When he had explained these things
Alma Mergen suddenly became angry:
“From the time is was a little baby in my cradle
I never knew these things!
You are telling me this now?
When I was a little girl I never knew this!
Father, you only remember now?
I would rather hang myself than live on earth!
I will go find a rope!
I would rather kill myself than live outside the lake!
I will go find a noose!
Saying these words she ran outside.

Geser grabbed and caught her.
He quickly snatched up Alma Mergen,
Alma Mergen struggled and cried,
Taking her strength from heaven and earth.
Geser stood and held her firmly.
He said to her:
“Bring the man who has come from earth into your house,
One who has come a long way through the water
Needs to have something to drink!”
So he sent her house and he followed.

Geser greeted Uha Loson Khan according to custom,
Wishing him peace,
Wishing good health to his wife,
Uha Loson Khan greeted him with joy.
He sat Geser at his right side,
Bringing a golden table delicious food was served.
Bringing a silver table beautiful food was served.
Talking about all that happened from the earliest times
They talked together as friends,
Talking about all that happened before,
They talked and explained many things.
They talked until foam formed on the black waters,
They talked until plants grew on a flat stone.

There was no doubt that
Geser and Alma Mergen
Were perfectly suited for each other.
When Uha Loson Khan saw this
He understood this well,
He knew it very well.

Geser and Uha Loson Khan
Grasping each other’s right hand,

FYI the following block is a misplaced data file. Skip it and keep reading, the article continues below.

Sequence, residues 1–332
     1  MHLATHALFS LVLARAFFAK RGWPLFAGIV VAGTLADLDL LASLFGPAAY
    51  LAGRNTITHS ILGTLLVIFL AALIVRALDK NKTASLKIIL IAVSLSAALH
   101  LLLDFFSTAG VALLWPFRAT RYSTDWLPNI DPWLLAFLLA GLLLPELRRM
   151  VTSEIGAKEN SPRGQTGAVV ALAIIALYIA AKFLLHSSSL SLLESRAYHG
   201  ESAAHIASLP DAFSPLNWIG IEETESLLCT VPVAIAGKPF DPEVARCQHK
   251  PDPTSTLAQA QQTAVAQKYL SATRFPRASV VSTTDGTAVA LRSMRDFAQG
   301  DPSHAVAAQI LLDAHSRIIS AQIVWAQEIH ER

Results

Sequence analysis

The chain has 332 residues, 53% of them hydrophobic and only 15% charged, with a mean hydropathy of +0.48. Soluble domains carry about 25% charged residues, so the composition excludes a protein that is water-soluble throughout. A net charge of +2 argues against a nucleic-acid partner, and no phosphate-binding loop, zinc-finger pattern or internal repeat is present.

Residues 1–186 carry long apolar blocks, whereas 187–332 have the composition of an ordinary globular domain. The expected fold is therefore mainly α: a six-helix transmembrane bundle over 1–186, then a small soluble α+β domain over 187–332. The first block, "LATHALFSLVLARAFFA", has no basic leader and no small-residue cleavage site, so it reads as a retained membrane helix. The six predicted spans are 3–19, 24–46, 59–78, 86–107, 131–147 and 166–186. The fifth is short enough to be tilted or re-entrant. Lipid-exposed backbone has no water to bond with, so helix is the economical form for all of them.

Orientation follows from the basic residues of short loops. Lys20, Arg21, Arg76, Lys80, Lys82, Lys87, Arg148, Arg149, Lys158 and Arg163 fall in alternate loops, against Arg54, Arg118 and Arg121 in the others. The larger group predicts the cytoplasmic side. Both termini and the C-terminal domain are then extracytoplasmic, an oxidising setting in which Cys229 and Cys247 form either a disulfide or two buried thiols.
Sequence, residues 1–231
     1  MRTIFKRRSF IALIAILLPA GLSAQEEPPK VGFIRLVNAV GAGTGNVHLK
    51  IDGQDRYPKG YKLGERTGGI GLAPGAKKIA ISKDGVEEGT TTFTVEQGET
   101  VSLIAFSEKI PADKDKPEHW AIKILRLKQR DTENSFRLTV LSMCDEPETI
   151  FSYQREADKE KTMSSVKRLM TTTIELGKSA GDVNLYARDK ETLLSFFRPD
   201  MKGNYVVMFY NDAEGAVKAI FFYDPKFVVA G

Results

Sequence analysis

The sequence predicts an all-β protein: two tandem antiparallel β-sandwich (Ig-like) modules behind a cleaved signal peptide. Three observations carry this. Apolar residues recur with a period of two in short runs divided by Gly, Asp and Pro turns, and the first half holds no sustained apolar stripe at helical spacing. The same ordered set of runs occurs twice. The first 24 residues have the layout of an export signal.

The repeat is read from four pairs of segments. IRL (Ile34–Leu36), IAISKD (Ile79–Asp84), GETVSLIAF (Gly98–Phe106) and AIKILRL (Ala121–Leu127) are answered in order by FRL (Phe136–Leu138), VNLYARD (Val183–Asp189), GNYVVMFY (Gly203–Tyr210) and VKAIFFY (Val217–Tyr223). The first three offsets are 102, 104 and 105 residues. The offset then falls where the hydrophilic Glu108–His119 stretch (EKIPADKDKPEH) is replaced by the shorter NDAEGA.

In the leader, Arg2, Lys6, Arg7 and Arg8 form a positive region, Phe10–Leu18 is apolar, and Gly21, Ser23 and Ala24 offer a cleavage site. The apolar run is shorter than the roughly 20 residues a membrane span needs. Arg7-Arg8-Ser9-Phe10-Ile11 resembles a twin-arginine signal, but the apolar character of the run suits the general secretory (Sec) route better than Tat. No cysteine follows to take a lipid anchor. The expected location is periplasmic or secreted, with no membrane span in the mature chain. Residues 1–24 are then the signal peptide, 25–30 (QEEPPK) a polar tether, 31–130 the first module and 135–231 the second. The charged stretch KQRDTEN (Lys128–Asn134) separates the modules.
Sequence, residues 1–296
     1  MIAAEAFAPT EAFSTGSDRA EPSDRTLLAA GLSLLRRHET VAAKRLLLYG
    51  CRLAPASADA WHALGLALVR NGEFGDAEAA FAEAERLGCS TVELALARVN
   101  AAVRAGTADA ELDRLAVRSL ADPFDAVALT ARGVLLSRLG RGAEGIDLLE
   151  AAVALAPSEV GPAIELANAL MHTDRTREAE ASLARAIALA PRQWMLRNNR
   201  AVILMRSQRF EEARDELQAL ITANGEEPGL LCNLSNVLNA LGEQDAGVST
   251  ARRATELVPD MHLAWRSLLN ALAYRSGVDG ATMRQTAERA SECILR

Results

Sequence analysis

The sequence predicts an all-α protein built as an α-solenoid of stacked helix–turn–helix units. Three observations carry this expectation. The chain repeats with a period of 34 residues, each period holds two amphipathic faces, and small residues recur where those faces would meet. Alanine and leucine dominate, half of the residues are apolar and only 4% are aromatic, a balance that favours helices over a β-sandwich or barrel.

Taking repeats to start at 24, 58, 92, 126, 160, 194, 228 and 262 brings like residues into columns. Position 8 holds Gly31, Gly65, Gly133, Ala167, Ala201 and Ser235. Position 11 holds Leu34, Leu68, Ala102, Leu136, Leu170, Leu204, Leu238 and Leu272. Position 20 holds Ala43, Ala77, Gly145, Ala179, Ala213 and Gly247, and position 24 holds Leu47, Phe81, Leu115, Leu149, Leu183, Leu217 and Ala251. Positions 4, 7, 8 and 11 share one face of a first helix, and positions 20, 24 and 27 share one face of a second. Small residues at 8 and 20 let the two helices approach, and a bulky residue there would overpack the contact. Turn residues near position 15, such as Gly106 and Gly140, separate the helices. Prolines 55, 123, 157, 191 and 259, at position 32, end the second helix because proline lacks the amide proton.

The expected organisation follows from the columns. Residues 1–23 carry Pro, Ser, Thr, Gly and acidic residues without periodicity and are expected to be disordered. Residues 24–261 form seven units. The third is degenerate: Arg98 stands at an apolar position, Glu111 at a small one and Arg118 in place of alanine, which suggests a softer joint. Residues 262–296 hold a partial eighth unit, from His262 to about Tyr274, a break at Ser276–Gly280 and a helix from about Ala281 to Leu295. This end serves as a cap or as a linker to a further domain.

Made vows to one another,
Grasping each other’s left hand,
They spoke true words to each other.
Becoming the man-mount for Alma Mergen,
Two people united as one,
Giving out gifts of clothing,
The wedding party lasted for eight days.
On the ninth day there was great discussion.
On the tenth day Geser said:
“Evenks must make their migration,
Foals long for their pastures,
A son of a mother and father,
Longs for his homeland.”
When he said these words
Alma Mergen heard them with displeasure,
She did not want to hear of it.
Geser said to her:
A guest cannot be detained in his visit,
A moose’s leg cannot be contained in a kettle.”
He ceaselessly was agitating to leave,
He was ready to go home.
This having happened
Alma Mergen found a way to hold him in her hand.
She honored her husband very much,
She loved him with a wife’s true love.
Giving drugged food to Abai Geser
She made him stay by making him forget.
Abai Geser did not know his right hand from his left,
He could not distinguish his left hand from his right.
His mind became confused,
He became intoxicated,
For the duration of three years
He was a herdsman
For Uha Loson Khan’s livestock.

The eyes of Geser having become dark,
His powerful body having become confused,
The tenger up in the high heavens said:
We have stopped hearing Geser’s cries and yells,
We no longer hear the pounding of the hooves
Of his steed Beligen the bay horse.”
They were very surprised,
They were most astonished.
They told his three pretty older sisters,